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Lawmaker gets ‘big oil receipt’ from Democrats in made-for-media event

When Republican Rep. Jon Porter announced plans last week to collect receipts from constituents who are feeling the pinch of high fuel prices, this could not have been what he had in mind.

On Monday, representatives from the Nevada Democratic Party dropped by Porter’s office in Henderson to deliver a poster-sized "big oil receipt" to the congressman.

Kirsten Searer, deputy executive director for the state party, said the made-for-media event was meant to highlight the $210,000 in contributions Porter has accepted from oil and gas companies since 2002.

"The problem is he’s taking this money and … he’s voting with the big oil companies," she said.

But Porter blames Democrats in Congress for failing to "do what’s best to end dependence on foreign oil and bring relief to Southern Nevadans," spokesman Matt Leffingwell said.

Porter’s plan to bring down fuel prices involves a combination of reduced consumption, expanded use of renewable energy, and increased domestic production, namely from drilling off-shore and in the Arctic National Wildlife Refuge.

To help spur congressional Democrats into action, Porter called on constituents to send him their gasoline receipts so he can take them to House Speaker Nancy Pelosi, D-Calif.

He made the request on Thursday during a video-conference town hall meeting with thousands of Nevadans, Leffingwell said.

Democratic operatives are trying to paint Porter with an oily brush as part of what many view as one of the most hotly contested congressional races in the country.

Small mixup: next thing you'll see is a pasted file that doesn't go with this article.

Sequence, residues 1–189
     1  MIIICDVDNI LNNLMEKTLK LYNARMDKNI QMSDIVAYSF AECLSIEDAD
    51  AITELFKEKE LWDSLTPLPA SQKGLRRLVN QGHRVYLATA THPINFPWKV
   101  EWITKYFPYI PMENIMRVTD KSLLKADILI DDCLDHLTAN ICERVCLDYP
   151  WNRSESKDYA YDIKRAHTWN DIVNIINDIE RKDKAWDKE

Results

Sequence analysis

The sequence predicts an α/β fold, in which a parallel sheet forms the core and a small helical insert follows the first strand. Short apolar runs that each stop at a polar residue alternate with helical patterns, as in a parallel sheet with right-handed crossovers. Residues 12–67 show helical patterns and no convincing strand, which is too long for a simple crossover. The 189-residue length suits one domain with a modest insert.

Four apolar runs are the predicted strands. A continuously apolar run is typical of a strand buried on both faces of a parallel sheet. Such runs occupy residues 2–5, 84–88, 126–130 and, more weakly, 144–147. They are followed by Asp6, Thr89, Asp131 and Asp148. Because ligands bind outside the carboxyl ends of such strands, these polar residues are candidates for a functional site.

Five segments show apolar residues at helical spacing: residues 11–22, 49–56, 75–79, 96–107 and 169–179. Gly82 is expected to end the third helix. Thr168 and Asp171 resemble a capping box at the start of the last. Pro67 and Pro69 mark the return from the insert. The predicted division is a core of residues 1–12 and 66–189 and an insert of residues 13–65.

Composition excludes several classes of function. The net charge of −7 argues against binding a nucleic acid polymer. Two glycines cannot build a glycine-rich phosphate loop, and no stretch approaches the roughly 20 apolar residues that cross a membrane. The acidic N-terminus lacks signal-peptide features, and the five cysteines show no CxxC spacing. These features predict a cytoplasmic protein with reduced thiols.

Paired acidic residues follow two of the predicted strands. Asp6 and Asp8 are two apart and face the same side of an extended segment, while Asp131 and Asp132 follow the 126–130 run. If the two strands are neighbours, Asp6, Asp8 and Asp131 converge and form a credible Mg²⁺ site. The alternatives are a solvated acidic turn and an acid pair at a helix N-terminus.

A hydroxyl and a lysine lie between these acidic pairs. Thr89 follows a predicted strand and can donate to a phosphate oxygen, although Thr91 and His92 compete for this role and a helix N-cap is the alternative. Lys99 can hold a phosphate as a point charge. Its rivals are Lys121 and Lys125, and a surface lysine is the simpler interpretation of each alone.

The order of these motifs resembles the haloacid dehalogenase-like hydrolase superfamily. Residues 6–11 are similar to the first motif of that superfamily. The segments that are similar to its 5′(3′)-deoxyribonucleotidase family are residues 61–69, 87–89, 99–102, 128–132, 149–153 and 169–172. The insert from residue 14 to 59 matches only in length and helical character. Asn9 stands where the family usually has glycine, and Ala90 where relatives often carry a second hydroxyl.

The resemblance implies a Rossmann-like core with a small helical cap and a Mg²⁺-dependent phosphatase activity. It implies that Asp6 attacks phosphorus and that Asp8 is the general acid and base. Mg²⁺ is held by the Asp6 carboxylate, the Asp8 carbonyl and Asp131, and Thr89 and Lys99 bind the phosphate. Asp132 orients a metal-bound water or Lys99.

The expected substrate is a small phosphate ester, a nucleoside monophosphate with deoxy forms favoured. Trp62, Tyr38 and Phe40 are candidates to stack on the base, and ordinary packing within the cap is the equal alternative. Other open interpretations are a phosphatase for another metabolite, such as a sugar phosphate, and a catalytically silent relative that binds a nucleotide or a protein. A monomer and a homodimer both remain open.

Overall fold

Recent polling shows the three-term incumbent in a virtual dead heat with his 3rd Congressional District Democratic challenger, state Sen. Dina Titus.

Searer, who also serves as spokeswoman for the Titus campaign, said Titus has not received any contributions from big oil companies and won’t be accepting any.

Monday’s event began with a small protest on the sidewalk in front of the Henderson business complex where Porter leases an office.

About 30 protesters held signs and chanted as traffic streamed past on St. Rose Parkway, south of Interstate 215. Several motorists honked and waved at the group.

The protesters had to make due with generic signs — most of them aimed at President Bush and the war in Iraq — until Searer arrived with some handwritten placards specific to the topic of the day. One read, "Porter votes for oil not us."

When the time came to deliver the fake receipt, the hand-painted foam board with Porter’s picture on it was carried into the building by Searer and six others. They were trailed by a volunteer from the Democratic Party and a staff member from the Porter campaign, each carrying a small video camera to record the moment and each other.

There was nervous laughter as everyone crowded onto the same elevator.

Paul Moradkhan, Porter’s deputy district director, met the group outside the congressman’s office and politely accepted the "receipt."

Asked later if this was a case of one good stunt deserving another, Searer laughed and said, "I think this just shows how close a race this is going to be."

Contact reporter Henry Brean at hbrean@reviewjournal.com or 702-383-0350.

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